In fact, these classic Spice Road flavors are what imbued mince pies with an almost mythical significance. Especially after the Crusades, when soldiers returned from Jerusalem having experienced tastes far beyond what they would have been used to in their English villages. You could even draw a connection to the journey of the Magi who followed a star from the East to bring gifts to the baby Jesus. Echoes of that connection still exist today: Ever wonder why so many mince pies today are decorated with stars?
The expense of these spices meant that mince pies were a special-occasion food. They were made as part of the Twelve Days of Christmas feasting, richly decorated with cut-out pastry, elaborately shaped, and dressed to impress. Over time, they gained in symbolism: 13 key spices and flavorings were said to represent Jesus and the 12 disciples; 12 dried plums were added to the mixture, one for each apostle; the citrus rind was said to symbolize the bitterness of the crucifixion, the sweetness of the dried fruits, the joy of the nativity.
All of this mythology was precisely not what Puritan revolutionary leader Oliver Cromwell had in mind when he became head of the UK’s short-lived republic in 1653. Too idolatrous. Too Catholic. Though he stopped short of technically banning mince pies, he did strongly discourage them, and as a consequence the mince pie became (secretly, sneakily, rebelliously) even more popular. One of the first things that King Charles II did after the government fell and the monarchy was restored, was to officially rescind the unofficial ban. Mince pies, much to popular acclaim, were emphatically back.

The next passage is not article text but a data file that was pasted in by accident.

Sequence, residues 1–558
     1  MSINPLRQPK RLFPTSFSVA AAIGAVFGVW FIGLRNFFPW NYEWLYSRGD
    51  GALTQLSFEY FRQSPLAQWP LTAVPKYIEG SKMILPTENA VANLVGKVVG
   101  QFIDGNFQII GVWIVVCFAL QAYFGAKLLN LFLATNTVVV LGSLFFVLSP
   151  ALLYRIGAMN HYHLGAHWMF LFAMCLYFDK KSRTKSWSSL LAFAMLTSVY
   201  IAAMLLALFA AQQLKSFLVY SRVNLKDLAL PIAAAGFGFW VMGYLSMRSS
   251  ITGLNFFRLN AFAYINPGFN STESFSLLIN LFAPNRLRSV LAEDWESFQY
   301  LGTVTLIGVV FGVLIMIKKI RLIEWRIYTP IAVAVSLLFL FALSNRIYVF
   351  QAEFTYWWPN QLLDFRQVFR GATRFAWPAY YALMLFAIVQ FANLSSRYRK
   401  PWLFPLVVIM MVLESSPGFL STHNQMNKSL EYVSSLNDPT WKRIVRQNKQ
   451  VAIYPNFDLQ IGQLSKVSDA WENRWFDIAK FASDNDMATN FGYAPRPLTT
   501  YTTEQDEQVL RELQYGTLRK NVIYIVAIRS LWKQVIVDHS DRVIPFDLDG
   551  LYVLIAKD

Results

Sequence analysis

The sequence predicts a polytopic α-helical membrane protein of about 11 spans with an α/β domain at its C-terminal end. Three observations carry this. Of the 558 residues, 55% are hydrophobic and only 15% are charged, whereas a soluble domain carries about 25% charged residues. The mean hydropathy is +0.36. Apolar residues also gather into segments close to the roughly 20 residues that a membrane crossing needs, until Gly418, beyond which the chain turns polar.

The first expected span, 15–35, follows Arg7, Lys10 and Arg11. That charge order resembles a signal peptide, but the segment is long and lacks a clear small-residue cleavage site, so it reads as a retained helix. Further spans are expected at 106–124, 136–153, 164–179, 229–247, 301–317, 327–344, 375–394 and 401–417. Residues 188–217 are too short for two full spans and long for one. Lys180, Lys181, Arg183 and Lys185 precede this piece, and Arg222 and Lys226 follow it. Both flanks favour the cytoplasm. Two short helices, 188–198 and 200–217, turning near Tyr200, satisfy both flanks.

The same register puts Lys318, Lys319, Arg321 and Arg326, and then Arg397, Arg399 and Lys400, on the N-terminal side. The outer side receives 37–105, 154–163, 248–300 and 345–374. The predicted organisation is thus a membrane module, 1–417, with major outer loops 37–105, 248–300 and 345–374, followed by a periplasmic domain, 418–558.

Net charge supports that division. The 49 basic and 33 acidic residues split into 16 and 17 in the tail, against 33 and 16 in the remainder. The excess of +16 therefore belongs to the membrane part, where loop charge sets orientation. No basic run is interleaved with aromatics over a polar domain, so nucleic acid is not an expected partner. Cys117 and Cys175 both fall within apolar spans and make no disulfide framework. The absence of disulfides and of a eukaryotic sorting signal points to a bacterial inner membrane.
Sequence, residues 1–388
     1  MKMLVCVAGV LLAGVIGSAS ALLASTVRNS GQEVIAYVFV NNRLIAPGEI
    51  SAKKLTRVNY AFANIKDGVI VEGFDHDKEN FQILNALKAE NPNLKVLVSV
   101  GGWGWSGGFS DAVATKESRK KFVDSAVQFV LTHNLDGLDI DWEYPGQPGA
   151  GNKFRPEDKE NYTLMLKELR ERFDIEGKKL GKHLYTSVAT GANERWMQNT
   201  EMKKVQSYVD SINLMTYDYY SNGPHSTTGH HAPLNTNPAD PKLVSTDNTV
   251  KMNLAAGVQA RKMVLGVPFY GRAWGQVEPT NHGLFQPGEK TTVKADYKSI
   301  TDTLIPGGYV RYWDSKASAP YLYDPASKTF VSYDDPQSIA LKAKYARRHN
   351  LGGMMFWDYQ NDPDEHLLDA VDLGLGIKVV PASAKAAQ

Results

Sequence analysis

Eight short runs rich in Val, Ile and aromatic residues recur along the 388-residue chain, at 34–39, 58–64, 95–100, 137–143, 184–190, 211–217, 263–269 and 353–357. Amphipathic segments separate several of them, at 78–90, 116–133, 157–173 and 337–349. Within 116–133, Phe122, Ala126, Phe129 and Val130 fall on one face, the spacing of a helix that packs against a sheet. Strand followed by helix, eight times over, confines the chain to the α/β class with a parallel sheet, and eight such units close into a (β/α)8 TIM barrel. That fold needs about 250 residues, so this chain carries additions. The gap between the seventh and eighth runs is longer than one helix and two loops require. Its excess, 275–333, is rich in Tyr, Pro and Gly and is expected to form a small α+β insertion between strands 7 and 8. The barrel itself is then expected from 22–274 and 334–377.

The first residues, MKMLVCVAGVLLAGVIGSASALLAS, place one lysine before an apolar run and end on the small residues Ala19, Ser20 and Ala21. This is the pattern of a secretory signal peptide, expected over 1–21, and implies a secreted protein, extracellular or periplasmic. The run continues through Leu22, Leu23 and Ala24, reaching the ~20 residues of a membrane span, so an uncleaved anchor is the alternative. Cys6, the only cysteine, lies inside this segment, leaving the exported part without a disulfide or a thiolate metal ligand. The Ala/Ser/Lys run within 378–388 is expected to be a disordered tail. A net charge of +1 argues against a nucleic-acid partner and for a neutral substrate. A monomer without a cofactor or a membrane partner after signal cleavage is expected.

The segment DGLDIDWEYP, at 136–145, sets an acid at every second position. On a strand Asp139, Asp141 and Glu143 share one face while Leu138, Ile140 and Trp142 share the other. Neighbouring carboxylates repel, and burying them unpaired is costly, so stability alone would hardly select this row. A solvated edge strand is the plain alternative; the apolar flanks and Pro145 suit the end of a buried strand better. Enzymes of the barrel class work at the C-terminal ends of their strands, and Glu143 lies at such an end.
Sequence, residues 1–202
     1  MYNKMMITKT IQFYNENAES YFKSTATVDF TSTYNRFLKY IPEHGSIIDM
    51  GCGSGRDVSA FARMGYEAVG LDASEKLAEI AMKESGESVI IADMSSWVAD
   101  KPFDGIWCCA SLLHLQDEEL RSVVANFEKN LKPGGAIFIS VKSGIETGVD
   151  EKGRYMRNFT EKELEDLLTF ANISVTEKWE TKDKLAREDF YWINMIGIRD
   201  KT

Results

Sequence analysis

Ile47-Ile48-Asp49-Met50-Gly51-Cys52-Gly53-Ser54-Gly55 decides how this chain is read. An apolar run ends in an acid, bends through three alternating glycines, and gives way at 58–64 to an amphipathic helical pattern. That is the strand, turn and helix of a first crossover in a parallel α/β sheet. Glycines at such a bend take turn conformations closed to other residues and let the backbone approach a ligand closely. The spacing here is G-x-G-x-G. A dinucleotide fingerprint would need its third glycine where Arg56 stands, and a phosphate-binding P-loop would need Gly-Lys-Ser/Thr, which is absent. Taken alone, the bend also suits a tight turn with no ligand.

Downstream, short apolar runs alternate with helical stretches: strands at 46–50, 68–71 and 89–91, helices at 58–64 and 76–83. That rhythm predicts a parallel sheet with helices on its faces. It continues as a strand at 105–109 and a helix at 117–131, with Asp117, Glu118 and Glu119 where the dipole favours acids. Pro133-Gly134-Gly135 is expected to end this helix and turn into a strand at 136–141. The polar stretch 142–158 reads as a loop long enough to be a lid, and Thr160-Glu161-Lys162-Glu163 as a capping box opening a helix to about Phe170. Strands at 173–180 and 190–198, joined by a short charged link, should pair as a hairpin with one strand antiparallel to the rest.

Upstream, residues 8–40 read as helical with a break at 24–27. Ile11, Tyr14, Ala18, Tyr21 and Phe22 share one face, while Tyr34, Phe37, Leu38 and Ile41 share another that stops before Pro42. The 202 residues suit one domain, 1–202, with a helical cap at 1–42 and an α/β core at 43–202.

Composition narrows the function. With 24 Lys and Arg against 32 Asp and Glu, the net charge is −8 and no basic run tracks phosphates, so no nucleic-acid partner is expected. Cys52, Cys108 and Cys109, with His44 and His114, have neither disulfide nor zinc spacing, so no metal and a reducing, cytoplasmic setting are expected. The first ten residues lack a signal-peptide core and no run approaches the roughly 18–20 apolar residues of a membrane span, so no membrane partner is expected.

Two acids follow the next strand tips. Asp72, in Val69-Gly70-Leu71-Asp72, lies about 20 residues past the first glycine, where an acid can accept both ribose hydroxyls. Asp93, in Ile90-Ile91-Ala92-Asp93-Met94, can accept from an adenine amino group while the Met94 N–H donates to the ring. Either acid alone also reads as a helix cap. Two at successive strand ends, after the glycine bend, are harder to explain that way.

In 1662, just two years after Charles II’s decree, Samuel Pepys wrote about mince pies in his famous diary, “I sent for a mince pie abroad, my wife not being well to make any herself.” Incidentally, this may well be the first recorded mention of a shop-bought mince pie, and the first shade of snobbery about them. It’s clear that Peyps is relieved that Elizabeth is well, and his mince pie baking has returned in-house when he writes the following year, “I thank God, and at home found my wife making mince pies.”
These are still very much pies on the savory side of the sweet-savory dichotomy. By 1845, Eliza Acton wrote two recipes for mince pies: one, the typical meat mince pie we’ve been seeing thus far, with one pound of tongue (!); and another, with a lot more sugar and dried fruits, but where the only nod to carnivores is suet. She calls it “superlative.” Today we’d probably just call it “mincemeat.” Thus, the style of mince pie that we know and love today began its meteoric rise.
Different though mince pies have tasted over the centuries, these ancient flavors—pastry, cinnamon, cloves, citrus, nutmeg, mace, dried fruits—weave back through history, echoing familiar scents from the past into our wintry kitchens today. They connect us, on a deep, sensory level, to our ancestors, who like me look out at the cold, expansive darkness that is the outside world and think, "Nope. Absolutely not. Pass the baked goods—I’m staying inside."
Ever wonder why mincemeat pies were called mincemeat pies? Well, now you know! Let us know in the comments what you think.